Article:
jajf 2019 project
Fifteen Dollars (2019) & Camera Is In My Hands Now (2019)
The following is an excerpt from 2019 Fellow Grace Bryan's reflection on her Fellowship project:
“In my experience as a Fellow, I have been able to travel to better understand my family’s and my personal connection to my racial history. The first work I created was Fifteen Dollars, a video work depicting my perception of absence where presence is expected. In schlepping to the farm of my distant ancestor, Abraham Bryan, I felt pressured to connect to and reclaim the site of my ancestor’s success and tragedy. Yet, as I stood on the fabled land, beads of sweat dripping from my face, touching the scorching historical plaque, I was a tourist. I pondered how to feel connected to a history so far removed. In the late 1990’s, a black woman named Norman Satchell wrote the park authorities about a rumor she’d heard that a black man had owned the abandoned farm, leading to its designation as a historical site. I felt more like an investigator than a genealogist or artist, knocking on locals' doors and shuffling the stack of ancient archives at the park library. In his files there, I didn’t find the succinct story I sought, but a fragmented mess of logistical documents, maps, records, letters, and blueprints. A park ranger modestly pointed out that Maryland, a former slave state, was within sight of Bryan’s front porch. I was told by the park service that he was buried in a small, black cemetery near downtown. I found the cemetery locked with the nearby address of the keeper, who turned out to be a lifelong black resident of Gettysburg. She explained her ongoing battle with the park service, who have historically refused to upkeep the cemetery, and that Abraham Bryan was most likely buried elsewhere... The ambiguity of the available evidence pushed me in the direction of feelings rather than facts. I wanted to make a video about the feeling of being there in the peak of summer. The heat beaming off the grass, the gentle breeze, the light dancing through the tree branches, and the overwhelming space taken up by the absence of my connection.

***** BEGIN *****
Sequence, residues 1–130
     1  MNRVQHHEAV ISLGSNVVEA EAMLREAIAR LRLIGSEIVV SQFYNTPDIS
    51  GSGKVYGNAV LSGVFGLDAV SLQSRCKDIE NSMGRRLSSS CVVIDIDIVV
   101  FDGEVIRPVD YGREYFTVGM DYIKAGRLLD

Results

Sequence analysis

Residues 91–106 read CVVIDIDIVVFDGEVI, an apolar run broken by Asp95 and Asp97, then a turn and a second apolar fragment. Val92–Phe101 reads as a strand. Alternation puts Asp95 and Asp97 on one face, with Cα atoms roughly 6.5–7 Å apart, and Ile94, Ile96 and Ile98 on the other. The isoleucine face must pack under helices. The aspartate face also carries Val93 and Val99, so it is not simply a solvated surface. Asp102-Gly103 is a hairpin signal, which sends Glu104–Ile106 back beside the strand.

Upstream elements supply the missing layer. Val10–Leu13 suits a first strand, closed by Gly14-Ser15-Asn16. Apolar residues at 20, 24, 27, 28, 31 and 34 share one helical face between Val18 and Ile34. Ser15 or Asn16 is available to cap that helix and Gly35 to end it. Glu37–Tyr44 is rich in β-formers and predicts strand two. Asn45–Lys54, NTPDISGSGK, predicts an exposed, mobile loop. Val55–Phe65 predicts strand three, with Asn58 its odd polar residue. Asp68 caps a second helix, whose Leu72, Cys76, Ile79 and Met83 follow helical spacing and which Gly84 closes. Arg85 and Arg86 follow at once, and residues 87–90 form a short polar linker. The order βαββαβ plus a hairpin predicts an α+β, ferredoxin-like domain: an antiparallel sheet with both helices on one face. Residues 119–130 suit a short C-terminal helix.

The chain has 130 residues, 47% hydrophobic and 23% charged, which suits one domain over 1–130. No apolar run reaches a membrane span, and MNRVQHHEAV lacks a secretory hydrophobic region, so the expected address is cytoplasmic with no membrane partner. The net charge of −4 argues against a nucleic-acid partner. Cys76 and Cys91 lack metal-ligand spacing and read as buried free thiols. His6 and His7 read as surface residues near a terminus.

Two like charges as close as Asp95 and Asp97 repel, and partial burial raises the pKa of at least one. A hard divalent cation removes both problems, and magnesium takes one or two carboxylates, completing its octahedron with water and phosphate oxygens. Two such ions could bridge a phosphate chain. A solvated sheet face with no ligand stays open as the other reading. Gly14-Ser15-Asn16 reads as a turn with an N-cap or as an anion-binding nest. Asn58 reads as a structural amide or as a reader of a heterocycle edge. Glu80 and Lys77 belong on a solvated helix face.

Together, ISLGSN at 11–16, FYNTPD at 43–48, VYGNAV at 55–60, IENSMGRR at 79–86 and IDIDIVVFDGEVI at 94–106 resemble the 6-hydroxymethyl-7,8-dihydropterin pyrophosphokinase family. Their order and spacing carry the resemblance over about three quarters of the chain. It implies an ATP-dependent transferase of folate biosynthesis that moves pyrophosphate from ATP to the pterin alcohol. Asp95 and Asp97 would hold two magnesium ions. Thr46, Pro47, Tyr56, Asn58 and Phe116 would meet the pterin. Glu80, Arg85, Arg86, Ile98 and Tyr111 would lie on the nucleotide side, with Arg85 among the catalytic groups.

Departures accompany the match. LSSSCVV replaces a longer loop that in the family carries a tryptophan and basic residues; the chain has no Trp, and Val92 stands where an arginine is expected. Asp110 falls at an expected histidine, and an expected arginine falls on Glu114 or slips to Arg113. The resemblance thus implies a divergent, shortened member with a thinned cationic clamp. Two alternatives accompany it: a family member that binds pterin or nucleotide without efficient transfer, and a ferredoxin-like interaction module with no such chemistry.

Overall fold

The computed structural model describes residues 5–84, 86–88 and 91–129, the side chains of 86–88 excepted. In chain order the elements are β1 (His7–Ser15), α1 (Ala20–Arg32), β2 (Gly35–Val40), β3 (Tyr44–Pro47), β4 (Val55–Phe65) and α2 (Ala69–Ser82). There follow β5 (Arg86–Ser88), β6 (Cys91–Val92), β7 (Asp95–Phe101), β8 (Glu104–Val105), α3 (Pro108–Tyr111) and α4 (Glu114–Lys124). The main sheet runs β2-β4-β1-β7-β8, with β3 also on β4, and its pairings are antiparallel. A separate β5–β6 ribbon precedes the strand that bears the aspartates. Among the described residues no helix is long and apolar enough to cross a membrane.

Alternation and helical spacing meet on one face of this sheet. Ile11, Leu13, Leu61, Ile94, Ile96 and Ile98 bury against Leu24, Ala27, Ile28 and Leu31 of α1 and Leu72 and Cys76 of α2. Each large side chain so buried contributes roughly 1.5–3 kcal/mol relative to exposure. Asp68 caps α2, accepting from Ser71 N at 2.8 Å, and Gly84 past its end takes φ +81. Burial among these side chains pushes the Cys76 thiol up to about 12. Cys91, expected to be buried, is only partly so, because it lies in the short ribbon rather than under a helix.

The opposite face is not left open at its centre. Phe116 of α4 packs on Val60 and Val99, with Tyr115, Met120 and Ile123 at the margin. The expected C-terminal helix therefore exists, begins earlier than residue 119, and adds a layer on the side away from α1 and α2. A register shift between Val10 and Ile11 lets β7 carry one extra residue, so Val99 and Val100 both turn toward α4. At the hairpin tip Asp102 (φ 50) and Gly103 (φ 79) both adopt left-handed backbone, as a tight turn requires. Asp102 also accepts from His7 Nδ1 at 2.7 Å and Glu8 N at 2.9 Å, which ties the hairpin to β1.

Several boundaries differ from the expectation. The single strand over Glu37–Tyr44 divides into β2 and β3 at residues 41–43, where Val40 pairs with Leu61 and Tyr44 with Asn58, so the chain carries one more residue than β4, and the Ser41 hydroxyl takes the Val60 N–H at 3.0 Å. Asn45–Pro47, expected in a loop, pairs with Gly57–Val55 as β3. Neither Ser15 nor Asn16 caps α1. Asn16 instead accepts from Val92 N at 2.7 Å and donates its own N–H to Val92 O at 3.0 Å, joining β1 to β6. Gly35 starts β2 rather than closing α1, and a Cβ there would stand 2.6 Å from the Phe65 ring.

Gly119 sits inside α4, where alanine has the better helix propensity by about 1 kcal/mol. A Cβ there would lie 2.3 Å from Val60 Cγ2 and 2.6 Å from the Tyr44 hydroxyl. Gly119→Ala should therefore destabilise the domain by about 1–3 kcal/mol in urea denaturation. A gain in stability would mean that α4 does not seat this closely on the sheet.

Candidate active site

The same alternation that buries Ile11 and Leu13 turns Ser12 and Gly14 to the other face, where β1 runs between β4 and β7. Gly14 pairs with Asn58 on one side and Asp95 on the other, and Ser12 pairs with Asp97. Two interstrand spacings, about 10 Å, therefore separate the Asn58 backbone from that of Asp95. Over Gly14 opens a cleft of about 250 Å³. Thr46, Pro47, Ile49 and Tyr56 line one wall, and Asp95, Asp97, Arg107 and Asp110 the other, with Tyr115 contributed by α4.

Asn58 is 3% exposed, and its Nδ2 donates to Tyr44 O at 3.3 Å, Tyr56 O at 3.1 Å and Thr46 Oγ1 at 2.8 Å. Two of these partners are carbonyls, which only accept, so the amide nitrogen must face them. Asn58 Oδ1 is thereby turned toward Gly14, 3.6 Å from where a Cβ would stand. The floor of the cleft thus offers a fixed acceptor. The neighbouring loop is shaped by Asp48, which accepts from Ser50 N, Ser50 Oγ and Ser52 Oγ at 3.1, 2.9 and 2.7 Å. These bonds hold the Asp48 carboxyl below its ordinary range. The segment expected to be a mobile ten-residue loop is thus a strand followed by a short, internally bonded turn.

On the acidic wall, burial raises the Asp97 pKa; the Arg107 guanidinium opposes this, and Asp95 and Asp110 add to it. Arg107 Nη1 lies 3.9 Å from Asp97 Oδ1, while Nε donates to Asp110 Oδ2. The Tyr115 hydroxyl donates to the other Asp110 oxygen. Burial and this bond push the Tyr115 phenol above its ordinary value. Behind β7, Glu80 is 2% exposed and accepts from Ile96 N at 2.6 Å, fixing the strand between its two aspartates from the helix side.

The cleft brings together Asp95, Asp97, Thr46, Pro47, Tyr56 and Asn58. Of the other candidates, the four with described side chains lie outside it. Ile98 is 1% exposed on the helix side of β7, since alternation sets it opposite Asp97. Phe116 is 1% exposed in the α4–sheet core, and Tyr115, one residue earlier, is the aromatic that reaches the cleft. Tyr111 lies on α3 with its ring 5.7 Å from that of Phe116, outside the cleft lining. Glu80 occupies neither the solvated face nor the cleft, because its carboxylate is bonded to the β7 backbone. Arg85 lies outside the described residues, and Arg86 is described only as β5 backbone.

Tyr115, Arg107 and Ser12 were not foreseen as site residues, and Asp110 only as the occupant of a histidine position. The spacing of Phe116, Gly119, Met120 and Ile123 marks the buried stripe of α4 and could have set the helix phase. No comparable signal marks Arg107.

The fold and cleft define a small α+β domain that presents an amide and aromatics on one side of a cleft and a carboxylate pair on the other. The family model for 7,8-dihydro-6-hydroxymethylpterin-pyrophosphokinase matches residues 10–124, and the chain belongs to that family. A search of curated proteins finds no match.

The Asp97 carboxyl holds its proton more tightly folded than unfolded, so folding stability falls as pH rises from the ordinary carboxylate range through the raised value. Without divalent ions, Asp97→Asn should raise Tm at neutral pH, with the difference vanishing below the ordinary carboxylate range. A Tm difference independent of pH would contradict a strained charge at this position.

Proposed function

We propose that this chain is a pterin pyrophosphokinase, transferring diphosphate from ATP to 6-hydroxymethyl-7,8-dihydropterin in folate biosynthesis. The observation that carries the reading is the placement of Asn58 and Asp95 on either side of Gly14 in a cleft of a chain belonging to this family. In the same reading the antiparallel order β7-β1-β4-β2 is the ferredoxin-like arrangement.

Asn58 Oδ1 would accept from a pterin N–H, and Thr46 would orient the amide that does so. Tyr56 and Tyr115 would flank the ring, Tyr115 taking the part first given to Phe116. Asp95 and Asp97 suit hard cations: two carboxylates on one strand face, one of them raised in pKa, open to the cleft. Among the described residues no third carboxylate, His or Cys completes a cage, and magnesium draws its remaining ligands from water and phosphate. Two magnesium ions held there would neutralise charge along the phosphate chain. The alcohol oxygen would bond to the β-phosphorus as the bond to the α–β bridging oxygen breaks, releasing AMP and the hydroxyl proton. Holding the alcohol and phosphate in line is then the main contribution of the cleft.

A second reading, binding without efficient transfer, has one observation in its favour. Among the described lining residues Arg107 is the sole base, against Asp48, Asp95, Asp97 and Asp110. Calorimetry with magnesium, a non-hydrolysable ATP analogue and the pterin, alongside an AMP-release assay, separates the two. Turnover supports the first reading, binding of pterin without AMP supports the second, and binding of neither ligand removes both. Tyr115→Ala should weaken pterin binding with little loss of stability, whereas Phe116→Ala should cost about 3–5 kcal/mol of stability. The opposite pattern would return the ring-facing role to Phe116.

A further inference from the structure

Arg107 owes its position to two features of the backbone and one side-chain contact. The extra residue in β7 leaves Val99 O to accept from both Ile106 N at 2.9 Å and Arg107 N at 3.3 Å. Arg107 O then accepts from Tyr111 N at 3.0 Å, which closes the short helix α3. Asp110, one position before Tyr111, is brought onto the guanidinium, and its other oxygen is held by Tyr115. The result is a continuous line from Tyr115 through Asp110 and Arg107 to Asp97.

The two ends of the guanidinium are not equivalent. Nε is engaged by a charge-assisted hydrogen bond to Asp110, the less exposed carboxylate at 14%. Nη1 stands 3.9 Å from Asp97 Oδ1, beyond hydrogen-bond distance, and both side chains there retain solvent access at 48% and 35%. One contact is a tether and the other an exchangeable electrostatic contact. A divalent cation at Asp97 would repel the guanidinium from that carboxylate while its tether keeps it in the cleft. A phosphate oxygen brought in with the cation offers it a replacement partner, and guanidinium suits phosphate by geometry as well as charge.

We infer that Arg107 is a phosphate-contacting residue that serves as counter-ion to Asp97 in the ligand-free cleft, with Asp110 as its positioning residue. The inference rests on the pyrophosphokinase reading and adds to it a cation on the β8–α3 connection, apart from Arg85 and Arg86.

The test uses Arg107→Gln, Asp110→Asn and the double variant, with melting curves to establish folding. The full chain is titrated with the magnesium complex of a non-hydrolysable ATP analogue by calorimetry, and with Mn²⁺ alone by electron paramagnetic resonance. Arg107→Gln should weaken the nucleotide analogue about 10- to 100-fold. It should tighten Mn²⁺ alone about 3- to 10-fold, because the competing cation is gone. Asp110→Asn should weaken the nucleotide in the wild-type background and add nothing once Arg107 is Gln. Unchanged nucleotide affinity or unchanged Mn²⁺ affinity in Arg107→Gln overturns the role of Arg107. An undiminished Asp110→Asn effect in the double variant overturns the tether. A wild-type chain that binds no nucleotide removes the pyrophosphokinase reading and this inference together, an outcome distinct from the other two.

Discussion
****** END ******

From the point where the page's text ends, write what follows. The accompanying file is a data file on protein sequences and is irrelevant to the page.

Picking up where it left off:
“My second piece was Camera Is In My Hands Now, which was filmed in the British Museum in London, England. The British Museum has been the subject of scrutiny for holding onto artifacts taken during the African diaspora, with the Nigerian bronze shields among the best-known of all such cases. I sought to understand the connection of my identity to the stolen works. My racial identity… is not common or well understood; I am “white passing,” but claim both black and white identities. My meeting this summer with social psychologist, Dr. Sarah Gaither, helped clarify why my racial identity can be complicated for others. People use categories to interpret the world, including race. Accordingly, she explained, a racially ambiguous appearance elicits feelings of mistrust and confusion among monoracial group members, including black or white. What does it mean for a mixed race family to be in this space?... My piece is a portrait of my family, an attempt to capture our genuine selves despite whatever expectations may be imposed on us. I chose a style reminiscent of, and including, my father’s home videos to emphasize how time has passed and our relationship has evolved. I sought to capture my father’s alternately professorial and silly attitude in the museum. Our reclamation of the space is, simply put, our being here…"